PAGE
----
or for facilities the principal place of business (i.e., office at the 
facility where loading and unloading operations are conducted), for as 
long as the operating procedures remain in effect.
    The operating procedures must be accessible at or through the 
principal place of business and must be made available, upon request, 
to an authorized official of a Federal, state, or local government 
agency at reasonable times and locations. At a minimum, the proposed 
operating procedures must cover:
    (1) Pre-loading or -unloading procedures to ensure the integrity of 
the cargo tank and associated transfer equipment, prepare the cargo 
tank and equipment for the transfer operation, and verify the vessel 
into which the material is to be transferred;
    (2) Loading or unloading procedures for monitoring the transfer 
operation;
    (3) Procedures for handling emergencies;
    (4) Post-loading or -unloading procedures to ensure that all 
transfer equipment is disconnected and all valves and closures are 
secured;
    (5) Facility oversight of carrier personnel; and
    (6) Design, maintenance, and testing of equipment.
    PHMSA is soliciting comments on the proposed documentation 
requirements for the operational procedures. Should facilities be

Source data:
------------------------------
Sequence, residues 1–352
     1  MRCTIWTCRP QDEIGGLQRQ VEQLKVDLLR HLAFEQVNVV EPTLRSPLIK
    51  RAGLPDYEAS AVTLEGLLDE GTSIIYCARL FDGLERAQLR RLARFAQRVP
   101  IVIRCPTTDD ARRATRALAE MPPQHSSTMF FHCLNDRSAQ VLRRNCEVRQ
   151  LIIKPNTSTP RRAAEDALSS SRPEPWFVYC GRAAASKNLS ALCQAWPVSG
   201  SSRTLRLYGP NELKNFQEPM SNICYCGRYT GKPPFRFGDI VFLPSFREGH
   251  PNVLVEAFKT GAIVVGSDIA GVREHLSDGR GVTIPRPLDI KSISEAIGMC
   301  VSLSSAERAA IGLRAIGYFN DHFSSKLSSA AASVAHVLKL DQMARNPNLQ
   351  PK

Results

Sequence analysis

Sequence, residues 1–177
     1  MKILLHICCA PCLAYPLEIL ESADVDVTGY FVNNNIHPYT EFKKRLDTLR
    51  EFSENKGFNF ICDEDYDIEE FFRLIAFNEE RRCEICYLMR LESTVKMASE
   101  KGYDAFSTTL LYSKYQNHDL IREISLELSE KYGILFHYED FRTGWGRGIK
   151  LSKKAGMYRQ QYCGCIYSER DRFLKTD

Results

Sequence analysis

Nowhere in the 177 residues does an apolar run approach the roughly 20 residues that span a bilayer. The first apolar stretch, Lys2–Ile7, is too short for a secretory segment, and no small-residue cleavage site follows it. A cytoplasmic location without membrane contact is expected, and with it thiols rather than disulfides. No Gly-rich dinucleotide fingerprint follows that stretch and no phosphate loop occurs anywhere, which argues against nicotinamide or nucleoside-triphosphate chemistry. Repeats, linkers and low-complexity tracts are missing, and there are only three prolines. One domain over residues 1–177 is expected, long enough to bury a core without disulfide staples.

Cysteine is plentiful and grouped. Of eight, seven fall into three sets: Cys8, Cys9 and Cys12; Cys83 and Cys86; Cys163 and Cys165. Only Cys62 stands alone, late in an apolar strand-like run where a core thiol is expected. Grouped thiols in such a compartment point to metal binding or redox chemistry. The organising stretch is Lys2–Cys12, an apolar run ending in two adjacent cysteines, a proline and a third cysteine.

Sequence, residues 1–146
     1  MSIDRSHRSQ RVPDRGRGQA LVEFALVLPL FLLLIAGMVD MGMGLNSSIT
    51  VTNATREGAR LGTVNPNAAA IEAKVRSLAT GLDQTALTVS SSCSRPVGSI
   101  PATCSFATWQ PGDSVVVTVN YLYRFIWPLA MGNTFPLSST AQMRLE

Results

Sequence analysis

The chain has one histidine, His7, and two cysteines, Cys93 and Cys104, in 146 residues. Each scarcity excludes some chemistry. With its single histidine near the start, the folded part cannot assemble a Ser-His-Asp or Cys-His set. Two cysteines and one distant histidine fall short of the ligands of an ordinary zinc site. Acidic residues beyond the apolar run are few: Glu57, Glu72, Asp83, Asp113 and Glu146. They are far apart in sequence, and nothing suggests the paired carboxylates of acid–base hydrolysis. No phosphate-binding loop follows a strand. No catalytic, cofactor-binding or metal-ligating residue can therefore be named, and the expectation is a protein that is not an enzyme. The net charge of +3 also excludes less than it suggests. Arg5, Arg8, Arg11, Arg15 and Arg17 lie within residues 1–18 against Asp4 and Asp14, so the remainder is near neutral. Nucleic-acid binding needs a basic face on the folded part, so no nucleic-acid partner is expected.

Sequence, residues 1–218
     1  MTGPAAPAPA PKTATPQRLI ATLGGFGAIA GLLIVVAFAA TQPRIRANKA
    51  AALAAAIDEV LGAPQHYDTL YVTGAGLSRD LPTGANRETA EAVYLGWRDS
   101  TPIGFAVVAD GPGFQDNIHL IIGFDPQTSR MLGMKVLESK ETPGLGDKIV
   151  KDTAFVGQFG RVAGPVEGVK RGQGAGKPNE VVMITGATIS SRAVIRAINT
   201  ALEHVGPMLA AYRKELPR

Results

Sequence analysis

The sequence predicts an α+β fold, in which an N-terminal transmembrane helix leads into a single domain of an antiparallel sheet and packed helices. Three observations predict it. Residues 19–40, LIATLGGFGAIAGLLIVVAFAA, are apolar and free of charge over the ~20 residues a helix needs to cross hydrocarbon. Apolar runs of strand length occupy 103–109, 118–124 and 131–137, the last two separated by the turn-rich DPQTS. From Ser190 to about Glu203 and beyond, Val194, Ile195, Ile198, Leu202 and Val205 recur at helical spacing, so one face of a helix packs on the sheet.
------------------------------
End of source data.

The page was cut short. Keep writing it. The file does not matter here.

required to document their loading and unloading operating procedures? 
If so, are the minimum requirements for documenting risk assessments 
and operational procedures appropriate and flexible enough to

[[Page 13321]]

apply to all types of loading and unloading operations? Would 
documented loading and unloading procedures ensure compliance and 
improve the overall safety of loading and unloading operations? Would 
regulated entities incur documentation costs to develop and maintain 
risk assessments and operational procedures? If so, what is a fair 
estimate of the potential costs?
    For each component of the operating procedures, PHMSA is proposing 
that the procedures include measures to address particular risks to 
safety. For example, pre-loading and -unloading procedures must include 
measures to ensure that the cargo tank and transfer equipment are free 
of defects, leaks, or other unsafe conditions; secure the tank; and 
verify that the material is being transferred into the appropriate 
packagings or containment vessels. Similarly, loading and unloading 
procedures must include measures to initiate and control lading flow; 
monitor the temperature of the material being transferred and the 
pressures of the vessels involved in the process; monitor filling 
limits; and terminate lading flow.
    PHMSA has a particular concern for cargo tank loading and unloading 
operations that utilize a hose provided by the facility at which the 
operation takes place rather than the hose that is carried on a cargo 
tank motor vehicle. The HMR require operators of MC 330, MC 331, and 
non-specification cargo tanks used for the transportation of liquefied 
compressed gases to implement a comprehensive hose maintenance program 
that includes monthly visual inspections, annual leakage tests, and